Design Focus

This installment of Design Focus was sponsored by Gemvision Corp. For information related to Gemvision products and services, visit www.gemvision.com, call (800) 357-6272, or e-mail: info@gemvision.com

Through the doors of the Philip Rickard Honolulu headquarters you’ll find a warm and inviting retail destination that not only displays original Hawaiian heirloom jewelry but also offers visitors an interesting perspective on Hawaiian history and culture in the adjacent jewelry heritage museum. (Hawaiian heirloom jewelry, which has roots in the late 1800s, is influenced by English Victorian mourning jewelry and features Hawaiian motifs with engraving and occasional black enameling.) The establishment, which also houses a large manufacturing facility, is staffed by over 40 jewelers, craftsmen, graphic artists, and sales professionals who design, manufacture, and sell Hawaiian heirloom jewelry to customers in Hawaii and across the globe. Along with traditional methods of designing and manufacturing, modern CAD/CAM technology is employed by Philip Rickard Honolulu in creating custom orders and the jewelry that links its wearers to Hawaii’s rich past.

Lester Ralph “Philip” Rickard set off for Europe after high school, traveling through London and Paris, bound for the famous jewelry manufacturing centers in Italy. In the midst of the Veneto region are the cities of Vicenza, Verona, and Venice, where he studied the historical transitions of jewelry and was influenced by the Renaissance period in Europe. Rickard continues to travel the world extensively for research, equipment, and cutting-edge jewelry procedures that he brings back to his Honolulu factory. Moving to Hawaii after a compelling vision in 1971, he worked construction jobs while saving to purchase equipment and outfit a workshop. In 1986 he opened his first retail store in the Royal Hawaiian Shopping Center. Today Philip Rickard Honolulu has six retail stores in the Hawaiian Islands, Web sites in English and Japanese, and a manufacturing and customer service location in Tokyo.

In Rickard’s world travels, he observed 3-D technology for the jewelry industry and considered how it would benefit his operation. After extensive research and consideration in 2004, Rickard made the commitment. He and select craftspeople from his operation began exploring Gemvision’s Matrix software in 2005 and then took a one-week Matrix class at the Gemvision training headquarters in Davenport, Iowa. The staff returned for additional CAD/CAM training in February 2006 and quickly incorporated the new programs into their custom design and manufacturing process.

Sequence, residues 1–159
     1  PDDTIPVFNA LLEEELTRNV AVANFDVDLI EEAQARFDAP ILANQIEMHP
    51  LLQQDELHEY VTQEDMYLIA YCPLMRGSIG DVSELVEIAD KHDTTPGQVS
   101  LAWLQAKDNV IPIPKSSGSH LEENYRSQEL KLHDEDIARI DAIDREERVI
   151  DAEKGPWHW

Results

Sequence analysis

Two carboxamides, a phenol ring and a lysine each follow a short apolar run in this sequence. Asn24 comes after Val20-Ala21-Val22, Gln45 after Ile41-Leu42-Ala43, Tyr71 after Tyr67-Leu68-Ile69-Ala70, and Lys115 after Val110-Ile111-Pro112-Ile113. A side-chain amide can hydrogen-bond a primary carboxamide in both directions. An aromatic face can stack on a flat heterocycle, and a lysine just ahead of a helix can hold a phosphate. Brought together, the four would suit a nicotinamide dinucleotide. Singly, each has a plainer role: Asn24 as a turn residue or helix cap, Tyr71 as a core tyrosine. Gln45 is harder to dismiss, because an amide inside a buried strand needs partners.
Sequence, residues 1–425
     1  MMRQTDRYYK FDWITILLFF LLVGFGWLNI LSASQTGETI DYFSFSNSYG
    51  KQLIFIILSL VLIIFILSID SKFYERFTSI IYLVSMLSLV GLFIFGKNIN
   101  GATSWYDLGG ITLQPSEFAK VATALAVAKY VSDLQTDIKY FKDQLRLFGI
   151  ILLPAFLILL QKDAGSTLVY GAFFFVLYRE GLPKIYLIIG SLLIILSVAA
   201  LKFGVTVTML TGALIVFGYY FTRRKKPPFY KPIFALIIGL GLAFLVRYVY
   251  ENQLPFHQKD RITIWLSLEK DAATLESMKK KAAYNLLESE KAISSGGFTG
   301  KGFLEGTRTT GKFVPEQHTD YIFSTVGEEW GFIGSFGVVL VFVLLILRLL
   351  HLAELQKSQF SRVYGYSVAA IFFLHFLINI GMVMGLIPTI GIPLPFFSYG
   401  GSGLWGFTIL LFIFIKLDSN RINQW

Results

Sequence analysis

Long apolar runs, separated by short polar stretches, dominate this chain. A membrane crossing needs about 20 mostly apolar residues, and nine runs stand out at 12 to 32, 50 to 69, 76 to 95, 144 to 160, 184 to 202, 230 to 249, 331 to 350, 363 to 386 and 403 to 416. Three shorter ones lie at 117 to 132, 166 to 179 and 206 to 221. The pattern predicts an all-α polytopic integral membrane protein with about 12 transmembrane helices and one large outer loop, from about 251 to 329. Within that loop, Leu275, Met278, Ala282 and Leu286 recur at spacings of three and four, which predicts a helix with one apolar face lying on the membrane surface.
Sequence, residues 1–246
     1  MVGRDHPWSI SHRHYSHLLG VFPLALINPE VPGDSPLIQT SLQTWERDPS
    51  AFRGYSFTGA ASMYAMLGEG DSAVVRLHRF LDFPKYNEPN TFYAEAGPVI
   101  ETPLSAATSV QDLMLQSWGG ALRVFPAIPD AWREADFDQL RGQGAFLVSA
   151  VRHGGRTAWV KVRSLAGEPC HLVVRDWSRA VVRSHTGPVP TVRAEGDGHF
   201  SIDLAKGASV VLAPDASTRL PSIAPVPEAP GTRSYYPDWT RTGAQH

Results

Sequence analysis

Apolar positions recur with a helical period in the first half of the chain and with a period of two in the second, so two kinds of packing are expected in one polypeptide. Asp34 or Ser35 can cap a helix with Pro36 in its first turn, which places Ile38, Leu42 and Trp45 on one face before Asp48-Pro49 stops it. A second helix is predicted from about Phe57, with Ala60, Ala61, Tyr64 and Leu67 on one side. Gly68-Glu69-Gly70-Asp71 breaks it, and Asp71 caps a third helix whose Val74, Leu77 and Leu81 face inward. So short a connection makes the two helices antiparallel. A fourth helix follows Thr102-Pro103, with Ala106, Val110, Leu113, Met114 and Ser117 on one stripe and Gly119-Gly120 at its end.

Renowned worldwide as the source for the design and manufacturing of Hawaiian heirloom jewelry, Rickard was approached in 1987 to write the story behind the jewelry. The endeavor took six years and many trips to England to “uncover the true nature of the jewelry, its symbolism and origins.” In 1993 A Lasting Remembrance was published, bringing to light the history behind the evolution of traditional Hawaiian jewelry. Soon after, Rickard created the jewelry heritage museum on-site at the Honolulu store so that visitors—locals and tourists, natives, and newcomers alike—could learn about the story and perhaps feel more a part of the spirit of Aloha that pervades the islands.

Currently, three members of the Philip Rickard Honolulu staff use Gemvision’s Matrix 3D design software. Above, see a ring being designed by Pidou Phouthavong. He has established the basic shape and size and is adding embellishments according to the customer’s design request. The complex designs would be difficult to achieve consistently by hand, but using the computer enables detailed symmetry of the overall piece.

After developing designs in the CAD software, the design file is converted to a CAM file for use with the Revo540 wax milling machine. Thousands of lines of G-code scroll through the computer that runs the mill, dictating a tool path that cuts precise wax models in as little as 30 minutes. More complicated models can take several hours to mill. In the figure on page 137, Phouthavong sets up the wax milling machine for a custom-order project he created with Matrix software. While the wax is being carved by the mill, he will begin another design project using Matrix.

When asked about a typical piece produced using CAD/CAM Rickard responds, “We use CAD/CAM for the entire range of our products from rings to pendants to bangles. We also retrofit existing pieces and produce ongoing customer custom work with this wonderful technology.”

Liz Lerner, who runs Rickard’s public relations, says, “CAD/CAM has enabled our company to expand the horizons of traditional Hawaiian jewelry in the sense that pieces can now be mastered and re-created. Our designers are now able to concentrate on the passion of design and allow the technology to assist them in their creations. The end result is pieces that are impeccable in design.”

For more information about Philip Rickard Honolulu or the book Hawaiian HeirloomJewelry, visit www.philiprickardhonolulu.com © 2007 Mann Design Group Inc.